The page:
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Writing means different things to me. I'm a storyteller, a book editor, and a songwriter. For me, it's like breathing.

Monday, February 13, 2017

Monday Musings: The Crow Maiden--Crows in Greek Mythology

Crows and ravens appear in myths from all different cultures, usually as harbingers of death because of their appearance on battlefields and their diet of carrion. They are also seen as messengers between humans and that of the supernatural realm.

In Greek mythology, the crow is associated with the god Apollo because of his role as a god of prophecy. Augury, divination using birds, was popular among Greeks and Romans. Augurs interpreted messages based on the color of the bird and the direction from which it flew. A crow flying in from the east or south was considered a favorable sign. Another myth involving the crow and Apollo reveals that the crow’s feathers were turned black because the god became enraged when the bird brought back news that Apollo’s lover Coronis had been unfaithful, and the god scorched the crow’s wings.

A French anthropologist named Claude Lévi-Strauss proposed a theory that suggests the raven (like the coyote) obtained mythic status because it was a mediator animal between life and death. As a carrion bird, ravens became associated with the dead and with lost souls. This is what I used as a basis for my heroine in The Crow Maiden. Nahla is cursed to be bound to her cruel master and to the Shadowlands, the place between life and death. She haunts battlefields and guides dying warriors’ souls to the afterlife. She can also see when someone is about to die. Despite being surrounded by death, she is also a healer and has a kind soul, not what one would expect from a female surrounded by such darkness.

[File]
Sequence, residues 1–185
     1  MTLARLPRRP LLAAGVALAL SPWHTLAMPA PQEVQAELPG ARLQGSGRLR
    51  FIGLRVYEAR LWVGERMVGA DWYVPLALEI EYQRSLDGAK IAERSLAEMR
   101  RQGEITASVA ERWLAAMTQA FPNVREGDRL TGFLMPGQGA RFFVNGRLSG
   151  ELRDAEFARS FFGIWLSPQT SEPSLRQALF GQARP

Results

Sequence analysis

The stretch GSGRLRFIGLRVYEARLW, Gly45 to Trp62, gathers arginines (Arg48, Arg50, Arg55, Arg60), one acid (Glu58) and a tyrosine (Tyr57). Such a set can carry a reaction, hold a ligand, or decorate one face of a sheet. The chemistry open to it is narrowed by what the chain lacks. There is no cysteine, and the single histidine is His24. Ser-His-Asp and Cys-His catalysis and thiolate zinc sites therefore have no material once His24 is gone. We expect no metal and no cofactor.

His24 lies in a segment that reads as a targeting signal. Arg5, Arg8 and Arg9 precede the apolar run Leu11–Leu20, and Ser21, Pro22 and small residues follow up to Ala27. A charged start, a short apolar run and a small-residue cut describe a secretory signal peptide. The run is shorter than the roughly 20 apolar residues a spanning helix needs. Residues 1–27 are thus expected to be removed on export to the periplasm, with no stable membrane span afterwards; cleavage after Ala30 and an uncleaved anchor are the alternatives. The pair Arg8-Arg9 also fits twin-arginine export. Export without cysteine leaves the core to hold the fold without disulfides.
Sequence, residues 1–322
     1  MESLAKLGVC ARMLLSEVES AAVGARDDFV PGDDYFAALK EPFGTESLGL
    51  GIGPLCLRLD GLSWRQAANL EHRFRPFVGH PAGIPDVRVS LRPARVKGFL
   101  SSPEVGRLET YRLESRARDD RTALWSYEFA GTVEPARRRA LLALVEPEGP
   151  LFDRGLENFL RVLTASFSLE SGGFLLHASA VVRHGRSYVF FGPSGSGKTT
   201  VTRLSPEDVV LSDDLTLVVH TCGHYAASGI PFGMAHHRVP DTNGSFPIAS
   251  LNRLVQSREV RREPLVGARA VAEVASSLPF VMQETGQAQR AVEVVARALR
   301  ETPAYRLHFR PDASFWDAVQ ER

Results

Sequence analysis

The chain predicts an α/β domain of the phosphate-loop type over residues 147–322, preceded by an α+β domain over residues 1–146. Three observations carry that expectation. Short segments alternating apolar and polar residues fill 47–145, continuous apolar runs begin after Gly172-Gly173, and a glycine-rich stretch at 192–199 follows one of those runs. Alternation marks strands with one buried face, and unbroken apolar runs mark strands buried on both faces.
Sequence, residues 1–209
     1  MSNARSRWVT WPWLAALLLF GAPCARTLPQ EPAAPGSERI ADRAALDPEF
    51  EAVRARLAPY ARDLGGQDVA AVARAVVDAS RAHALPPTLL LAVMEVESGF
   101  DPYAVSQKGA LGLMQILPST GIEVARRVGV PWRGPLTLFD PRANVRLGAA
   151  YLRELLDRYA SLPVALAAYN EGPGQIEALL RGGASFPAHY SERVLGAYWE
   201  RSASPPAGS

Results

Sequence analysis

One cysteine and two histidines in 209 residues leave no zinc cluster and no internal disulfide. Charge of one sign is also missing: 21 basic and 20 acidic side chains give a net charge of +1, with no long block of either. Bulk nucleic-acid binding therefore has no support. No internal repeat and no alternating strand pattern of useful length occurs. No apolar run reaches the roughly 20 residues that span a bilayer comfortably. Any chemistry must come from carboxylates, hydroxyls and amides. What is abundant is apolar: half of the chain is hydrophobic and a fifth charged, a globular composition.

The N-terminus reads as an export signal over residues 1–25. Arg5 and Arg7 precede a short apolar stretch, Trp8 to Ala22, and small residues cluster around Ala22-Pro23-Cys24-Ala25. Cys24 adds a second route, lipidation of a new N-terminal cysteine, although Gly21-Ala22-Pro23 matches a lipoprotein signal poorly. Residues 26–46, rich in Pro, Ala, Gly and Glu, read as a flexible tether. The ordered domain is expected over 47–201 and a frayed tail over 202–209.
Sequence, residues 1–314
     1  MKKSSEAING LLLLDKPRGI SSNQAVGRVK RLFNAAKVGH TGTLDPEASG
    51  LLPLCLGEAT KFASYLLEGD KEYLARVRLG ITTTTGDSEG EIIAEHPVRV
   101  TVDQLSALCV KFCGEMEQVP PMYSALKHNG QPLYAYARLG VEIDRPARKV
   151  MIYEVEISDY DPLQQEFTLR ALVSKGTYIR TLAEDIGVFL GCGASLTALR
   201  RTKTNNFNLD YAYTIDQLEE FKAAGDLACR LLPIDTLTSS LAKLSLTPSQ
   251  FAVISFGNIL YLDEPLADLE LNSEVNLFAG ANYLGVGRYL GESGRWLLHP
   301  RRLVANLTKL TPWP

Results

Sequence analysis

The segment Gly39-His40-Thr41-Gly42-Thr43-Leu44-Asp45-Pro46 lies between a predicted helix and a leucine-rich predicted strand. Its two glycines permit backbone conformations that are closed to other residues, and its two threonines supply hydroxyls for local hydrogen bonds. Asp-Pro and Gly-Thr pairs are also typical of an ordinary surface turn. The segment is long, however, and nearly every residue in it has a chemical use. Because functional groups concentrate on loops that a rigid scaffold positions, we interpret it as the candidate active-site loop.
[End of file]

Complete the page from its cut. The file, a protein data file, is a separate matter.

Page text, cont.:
Excerpt (PG-13)
She glanced around at the dim cave. Cobwebs glistened from the dark corners. With some cleaning, it could be a pleasant dwelling. It was the size of a small house with round corners and smaller alcoves. She compared the cave to the unfortunate places she called home—blood-spattered battlefields, places the dead and dying gathered, and her master’s bedchamber. “No, this is much improved over the usual places I call home.”
He regarded her with a curious glint in his eyes. “What did you ask for?”
“I also asked for revenge. I wished for a champion to kill the man I hate.” This tall man wore his blond shoulder-length hair in the fashion of warriors, with war braids twisted within his unruly locks framing each side of his face. She recalled the neglected-looking war shield and armor in the back area of the cave. Had he been a warrior before his injury?